(2 of 2)
Frankie adamantly denies that homophobia was the reason he singled me out, despite his generous use of gay slurs at the time. "Have you considered there could have been lots of other reasons?" he told me. But he himself cannot pinpoint them. Perhaps I can. I am convinced that, in part, he identified with my pain. He was the victim of abuses as a child, of truly ugly stuff that makes my troubles look frivolous in comparison. He also unsurprisingly had his own insecurities. His actions toward me were perhaps the only way he could engage someone he sensed had troubles of his own. He knew I was gay even before I knew I was. And in the bumbling, cruel and confused language of adolescence, he was letting me know it.
There is no excusing the way he let it out, as taunts and threats looking me in the eye and saying he was going to kill me, convincing me it wasn't merely a figure of speech, making me terrified to go to school each day. As a teen, I remember sometimes feeling so much pain that I would say to myself, I ought to be suicidal. Fortunately, that wasn't in my makeup. I think I'm too ornery. Perhaps I had more support than I admit to.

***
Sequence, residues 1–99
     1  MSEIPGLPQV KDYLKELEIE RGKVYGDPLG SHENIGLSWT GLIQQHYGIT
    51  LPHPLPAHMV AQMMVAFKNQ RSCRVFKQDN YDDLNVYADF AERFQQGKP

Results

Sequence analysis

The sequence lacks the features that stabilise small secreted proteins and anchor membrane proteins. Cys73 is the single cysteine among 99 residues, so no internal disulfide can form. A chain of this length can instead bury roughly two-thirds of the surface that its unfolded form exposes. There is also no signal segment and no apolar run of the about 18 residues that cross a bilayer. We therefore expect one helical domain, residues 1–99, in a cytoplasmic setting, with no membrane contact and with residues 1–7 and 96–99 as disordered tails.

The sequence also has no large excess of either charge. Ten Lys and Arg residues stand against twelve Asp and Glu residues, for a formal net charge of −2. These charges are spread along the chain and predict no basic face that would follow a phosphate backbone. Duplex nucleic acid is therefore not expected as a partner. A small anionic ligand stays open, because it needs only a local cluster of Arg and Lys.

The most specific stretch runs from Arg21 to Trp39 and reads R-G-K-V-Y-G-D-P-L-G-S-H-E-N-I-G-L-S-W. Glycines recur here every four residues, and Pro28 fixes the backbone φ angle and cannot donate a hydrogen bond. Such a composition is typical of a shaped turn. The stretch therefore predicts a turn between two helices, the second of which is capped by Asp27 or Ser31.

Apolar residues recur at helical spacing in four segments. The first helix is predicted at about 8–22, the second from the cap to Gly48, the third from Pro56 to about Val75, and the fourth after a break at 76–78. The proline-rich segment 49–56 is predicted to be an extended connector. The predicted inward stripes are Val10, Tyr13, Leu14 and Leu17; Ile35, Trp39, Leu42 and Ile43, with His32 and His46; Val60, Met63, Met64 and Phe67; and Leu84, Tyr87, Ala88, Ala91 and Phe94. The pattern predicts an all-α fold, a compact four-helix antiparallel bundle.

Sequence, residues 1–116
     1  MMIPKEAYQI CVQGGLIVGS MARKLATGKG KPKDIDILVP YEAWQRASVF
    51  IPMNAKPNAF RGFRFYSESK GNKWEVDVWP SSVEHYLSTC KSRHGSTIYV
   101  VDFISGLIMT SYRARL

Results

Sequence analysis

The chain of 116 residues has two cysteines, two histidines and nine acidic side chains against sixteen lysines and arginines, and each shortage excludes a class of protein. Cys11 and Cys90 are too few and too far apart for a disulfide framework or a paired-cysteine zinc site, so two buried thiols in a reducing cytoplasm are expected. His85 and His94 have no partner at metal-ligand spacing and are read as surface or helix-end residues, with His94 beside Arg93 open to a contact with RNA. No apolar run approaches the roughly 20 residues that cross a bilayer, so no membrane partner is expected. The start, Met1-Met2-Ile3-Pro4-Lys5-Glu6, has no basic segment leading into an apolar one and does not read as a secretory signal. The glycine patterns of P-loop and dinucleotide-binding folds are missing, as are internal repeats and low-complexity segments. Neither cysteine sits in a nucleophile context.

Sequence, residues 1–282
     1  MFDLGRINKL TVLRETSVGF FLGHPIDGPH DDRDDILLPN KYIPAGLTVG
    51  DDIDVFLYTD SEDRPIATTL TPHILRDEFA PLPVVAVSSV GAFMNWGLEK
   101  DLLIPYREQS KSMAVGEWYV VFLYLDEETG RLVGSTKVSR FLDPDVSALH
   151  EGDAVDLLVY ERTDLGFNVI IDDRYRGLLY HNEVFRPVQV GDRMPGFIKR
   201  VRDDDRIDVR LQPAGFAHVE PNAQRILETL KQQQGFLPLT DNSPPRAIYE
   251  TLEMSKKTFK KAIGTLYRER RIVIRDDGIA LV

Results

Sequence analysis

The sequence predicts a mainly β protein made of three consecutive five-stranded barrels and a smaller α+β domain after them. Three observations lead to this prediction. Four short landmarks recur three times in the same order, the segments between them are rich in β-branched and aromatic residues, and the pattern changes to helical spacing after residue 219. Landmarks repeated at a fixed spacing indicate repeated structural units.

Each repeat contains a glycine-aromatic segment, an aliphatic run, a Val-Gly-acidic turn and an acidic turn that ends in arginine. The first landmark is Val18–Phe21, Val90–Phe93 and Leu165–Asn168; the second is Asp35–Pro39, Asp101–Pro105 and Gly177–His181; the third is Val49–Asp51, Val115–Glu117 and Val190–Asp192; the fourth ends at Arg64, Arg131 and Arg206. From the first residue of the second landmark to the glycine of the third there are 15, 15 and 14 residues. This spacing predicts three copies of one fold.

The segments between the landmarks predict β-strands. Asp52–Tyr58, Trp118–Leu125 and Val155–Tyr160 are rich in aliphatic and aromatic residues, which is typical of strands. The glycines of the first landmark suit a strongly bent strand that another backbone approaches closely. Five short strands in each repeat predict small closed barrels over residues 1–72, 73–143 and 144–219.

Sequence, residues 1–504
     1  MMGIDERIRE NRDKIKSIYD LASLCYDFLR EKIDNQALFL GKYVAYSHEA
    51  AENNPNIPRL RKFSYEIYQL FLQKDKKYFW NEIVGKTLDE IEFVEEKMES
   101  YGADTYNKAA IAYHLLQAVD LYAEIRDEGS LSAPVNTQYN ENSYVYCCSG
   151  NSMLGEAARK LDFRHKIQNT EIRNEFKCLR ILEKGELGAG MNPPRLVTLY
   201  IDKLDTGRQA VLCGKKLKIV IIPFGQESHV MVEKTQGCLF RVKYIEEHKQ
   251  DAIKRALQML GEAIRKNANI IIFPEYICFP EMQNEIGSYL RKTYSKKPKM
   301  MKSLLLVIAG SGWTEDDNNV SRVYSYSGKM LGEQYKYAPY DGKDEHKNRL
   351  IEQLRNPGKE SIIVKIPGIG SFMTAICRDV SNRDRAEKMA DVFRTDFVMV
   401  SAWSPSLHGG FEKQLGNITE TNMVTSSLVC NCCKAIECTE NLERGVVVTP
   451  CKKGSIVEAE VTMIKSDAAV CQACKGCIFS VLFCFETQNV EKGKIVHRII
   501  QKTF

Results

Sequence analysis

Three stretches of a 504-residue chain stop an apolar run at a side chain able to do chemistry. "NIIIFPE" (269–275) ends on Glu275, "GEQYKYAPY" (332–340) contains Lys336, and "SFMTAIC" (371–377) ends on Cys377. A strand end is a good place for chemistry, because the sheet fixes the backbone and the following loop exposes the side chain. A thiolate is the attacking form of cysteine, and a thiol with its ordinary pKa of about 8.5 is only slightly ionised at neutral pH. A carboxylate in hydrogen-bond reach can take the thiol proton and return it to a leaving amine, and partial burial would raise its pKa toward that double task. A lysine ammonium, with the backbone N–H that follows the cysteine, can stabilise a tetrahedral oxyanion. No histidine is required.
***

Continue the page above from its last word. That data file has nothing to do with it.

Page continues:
I was not all innocence myself. Nearly all of us have engaged in bullying to some extent, if in less obvious forms than pinning another kid against a gym wall. I'm not proud of it, but I have been a bully. As part of a group of nerdy kids in school, I taunted newcomers and outsiders, anyone with a weakness that I could pick to disguise my own. I certainly should have known better. I now know how to recognize the cowardice in bullying and to see valor in aligning myself with the bullied. What must be stigmatized is avoiding confrontation and scattering to safety instead of coming to the aid of the weak.
Now I know better, thanks in large part to this late-in-life gift, what has become a friendship with Frankie. He has helped me explore, depersonalize and put to rest my childhood trauma of being bullied. In the process, he has somehow transferred to me some of the extraordinary mental strength that has enabled him to survive behind bars.
No one helped Frankie when he needed it. And so he went on to cause mayhem in his family and, on one alcohol-sodden night, to murder a man. My mission is now to help the person who bullied me, who caused me years of grief. It's not lost on me that the balance of power between Frankie and me has shifted. Frankie has no possibility of parole. Because of the damage others did to him, he made a terrible mistake and is in prison till the day he dies. I'm powerless to change that. But I can be his friend and return the unexpected and precious favor he's granted me.
Guenther is head of executive communications at a large financial-services firm based in New York. He is writing a book on his experience with Frankie.
Next Mean Girls (2004)